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Re: Tuesday, June 27, 2017

#82
davidparadis wrote:
Mon Jul 17, 2017 10:11 am
I think Adam said Josh was going to be busy until at least the end of this week.

So I'm hoping for either a weekend log or one early next week. I'll start to panic if it get to next weekend :)
While I really don't care so much, being enjoying some time in greece, I still find this is a symptom of bad project management. In my hopes to aid Josh compensate his lack of formal studies as he dropped out of university to make some crazy IT-project:

If you promise biweekly updates, you do them, or you annouce in a previous update that the next one will be missing due to vacation/absence/whatever. But you don't just make them late - or worse, silently not make them at all.
If you are not able to have this discipline, you can (MUST) delegate to somebody else - Talv in discussion with the team being one of the possible choice. Note that the updates may be very short, though.
They just MUST ALWAYS BE ON TIME! :evil:
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Re: Tuesday, June 27, 2017

#86
Flatfingers wrote: Isn't it funny that one of the most crucial features for Limit Theory's AI -- delegation -- turns out to be one of the things its developer finds very difficult?
Exactly this.
The irony is not lost on the forums.
More people want exploding kittens than exploding ships. Somehow, this makes me happy.
- credits go to dwmagus
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Re: Tuesday, June 27, 2017

#87
I've offered several times to do the KS updates for him. I can't really do the biweekly code-related updates (unless "this is where everybody is, and sort of what they've been working on" is okay), but I can at least summarize them for Kickstarter. He doesn't seem very keen on the idea. :P I'm not sure if it's because he's worried I'll say something I shouldn't, or won't say something "the right way", or just a stubborn determination to do everything himself... maybe all of the above. :lol: He's just insistent that he looks it over and adds his own personal touches, which I think I can completely understand. This is his baby, after all.

I agree completely with CSE, though. Updates should always be on time. This isn't something I consider "acceptable" - at least from a community interaction standpoint. I really wish he'd delegate a little more because it's not right to skip/miss updates like this. I'd gladly take care of them for him (one might argue it could even be part of my job description).
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Re: Tuesday, June 27, 2017

#88
I'm new here, so I'm not fully acquainted with the history and the community norms, but I to have say: as both a player and a developer I disagree with the sentiment that updates must be on a perfectly timed schedule or that the developer is screwing up by letting them slip.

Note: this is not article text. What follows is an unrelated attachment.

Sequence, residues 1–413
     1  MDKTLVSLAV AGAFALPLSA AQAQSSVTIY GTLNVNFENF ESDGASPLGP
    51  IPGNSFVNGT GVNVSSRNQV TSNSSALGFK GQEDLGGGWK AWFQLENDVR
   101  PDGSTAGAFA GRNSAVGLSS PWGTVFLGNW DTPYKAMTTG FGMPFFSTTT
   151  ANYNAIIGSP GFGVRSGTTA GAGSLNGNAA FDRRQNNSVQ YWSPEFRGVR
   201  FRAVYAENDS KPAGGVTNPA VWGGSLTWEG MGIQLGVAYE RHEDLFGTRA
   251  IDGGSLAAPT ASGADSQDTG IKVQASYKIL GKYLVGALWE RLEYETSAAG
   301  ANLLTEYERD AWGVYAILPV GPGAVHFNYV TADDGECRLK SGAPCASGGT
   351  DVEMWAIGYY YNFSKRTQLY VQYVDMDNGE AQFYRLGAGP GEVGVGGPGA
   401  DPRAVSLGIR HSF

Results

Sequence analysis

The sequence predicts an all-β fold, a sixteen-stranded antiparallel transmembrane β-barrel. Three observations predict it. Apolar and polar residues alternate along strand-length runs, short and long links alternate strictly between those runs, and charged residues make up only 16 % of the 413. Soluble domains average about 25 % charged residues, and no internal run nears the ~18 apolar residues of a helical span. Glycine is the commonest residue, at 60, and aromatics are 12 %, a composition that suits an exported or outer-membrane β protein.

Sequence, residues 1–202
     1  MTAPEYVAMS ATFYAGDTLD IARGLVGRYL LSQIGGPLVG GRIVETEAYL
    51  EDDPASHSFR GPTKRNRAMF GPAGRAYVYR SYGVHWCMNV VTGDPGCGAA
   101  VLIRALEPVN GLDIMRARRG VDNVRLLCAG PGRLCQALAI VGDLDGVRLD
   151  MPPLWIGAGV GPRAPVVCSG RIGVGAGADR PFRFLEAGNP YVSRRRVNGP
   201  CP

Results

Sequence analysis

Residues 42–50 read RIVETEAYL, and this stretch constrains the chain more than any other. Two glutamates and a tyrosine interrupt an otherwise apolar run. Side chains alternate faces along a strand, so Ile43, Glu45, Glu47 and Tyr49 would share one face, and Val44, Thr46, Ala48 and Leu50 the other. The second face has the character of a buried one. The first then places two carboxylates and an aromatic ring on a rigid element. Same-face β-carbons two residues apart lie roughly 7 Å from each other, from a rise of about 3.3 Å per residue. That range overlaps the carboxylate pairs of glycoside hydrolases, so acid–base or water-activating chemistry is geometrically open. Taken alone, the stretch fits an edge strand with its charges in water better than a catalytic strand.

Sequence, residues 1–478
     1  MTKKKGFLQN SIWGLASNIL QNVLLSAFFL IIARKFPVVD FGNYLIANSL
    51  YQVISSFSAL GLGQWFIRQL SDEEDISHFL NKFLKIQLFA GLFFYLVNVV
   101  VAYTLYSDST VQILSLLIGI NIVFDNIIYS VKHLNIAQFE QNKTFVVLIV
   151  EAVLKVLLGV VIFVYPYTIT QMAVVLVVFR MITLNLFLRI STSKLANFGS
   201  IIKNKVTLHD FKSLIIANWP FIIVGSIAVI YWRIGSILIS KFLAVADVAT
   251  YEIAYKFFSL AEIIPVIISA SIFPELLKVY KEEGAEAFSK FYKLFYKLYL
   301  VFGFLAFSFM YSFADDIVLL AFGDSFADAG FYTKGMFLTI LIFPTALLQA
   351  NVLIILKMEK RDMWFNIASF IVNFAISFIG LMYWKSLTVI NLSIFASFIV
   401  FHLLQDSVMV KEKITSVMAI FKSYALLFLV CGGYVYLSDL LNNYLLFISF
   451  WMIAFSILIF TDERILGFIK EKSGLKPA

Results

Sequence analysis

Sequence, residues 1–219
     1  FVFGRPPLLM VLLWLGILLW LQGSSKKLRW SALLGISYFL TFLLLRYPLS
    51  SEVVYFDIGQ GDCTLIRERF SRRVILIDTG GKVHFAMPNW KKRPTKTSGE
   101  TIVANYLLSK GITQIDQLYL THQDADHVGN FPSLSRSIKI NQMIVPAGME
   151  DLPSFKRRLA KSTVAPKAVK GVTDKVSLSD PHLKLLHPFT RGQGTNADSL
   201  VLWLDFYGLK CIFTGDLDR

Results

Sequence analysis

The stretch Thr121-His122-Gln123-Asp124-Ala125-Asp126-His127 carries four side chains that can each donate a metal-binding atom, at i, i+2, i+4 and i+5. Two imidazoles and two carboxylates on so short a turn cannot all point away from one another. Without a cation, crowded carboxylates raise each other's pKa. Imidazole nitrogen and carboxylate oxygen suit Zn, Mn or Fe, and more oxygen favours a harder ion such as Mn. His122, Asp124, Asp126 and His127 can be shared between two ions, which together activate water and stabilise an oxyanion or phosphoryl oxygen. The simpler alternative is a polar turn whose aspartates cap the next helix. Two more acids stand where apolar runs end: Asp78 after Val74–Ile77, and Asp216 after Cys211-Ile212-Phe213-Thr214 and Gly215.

At the end of the day we're all here because of the game. The updates are a great way to engage the community, build excitement, and let people know how things are progressing. I'm not trying to diminishing their value. But shipping a game is the single hardest thing I've ever done (or finished but not technically shipped because of management shenanigans twice as the case may be. Ugh.). The more your own fiery passion drives you, the more carefully you have to manage burnout. It's easy to gloss over and say, "it's your job to make updates, just get it done," but that also glosses over the fact that there's a human on the other end of that computer. Mental health is a massive problem in our industry and it's so much more subtle and constant than people (developers included) realize. Often it really is the right choice to let minor things slip in order to manage the pressure. Every developer that talks about burnout talks about how they worked way too hard for years and the negative effects that had on the rest of their lives. We're talking about serious, measurable effects: anxiety attacks, depression, social isolation, leaving the industry. And it's not this obvious process. It's a slow descent where you look back years later and are horrified by how unhealthy your career has become and you have to spend years climbing back out of that hole.

I don't mean to be all doom and gloom here, or to even imply that there is an issue. But the fact is we're always circling this drain and I can't overstate the importance of paddling away from it a little bit here and there when you're up near the top where the water is still moving slow.